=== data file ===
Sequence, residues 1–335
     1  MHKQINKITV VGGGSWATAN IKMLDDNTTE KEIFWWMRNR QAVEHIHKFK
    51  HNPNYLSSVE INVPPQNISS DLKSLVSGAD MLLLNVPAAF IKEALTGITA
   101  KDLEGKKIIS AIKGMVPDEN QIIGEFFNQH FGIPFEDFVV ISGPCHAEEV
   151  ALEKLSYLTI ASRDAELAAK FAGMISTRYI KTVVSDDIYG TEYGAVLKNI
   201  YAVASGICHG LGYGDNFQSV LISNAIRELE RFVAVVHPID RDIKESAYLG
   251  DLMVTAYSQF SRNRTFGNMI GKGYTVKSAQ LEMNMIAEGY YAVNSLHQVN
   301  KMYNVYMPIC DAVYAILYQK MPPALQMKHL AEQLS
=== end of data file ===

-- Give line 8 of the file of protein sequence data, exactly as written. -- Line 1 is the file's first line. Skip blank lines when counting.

   301  KMYNVYMPIC DAVYAILYQK MPPALQMKHL AEQLS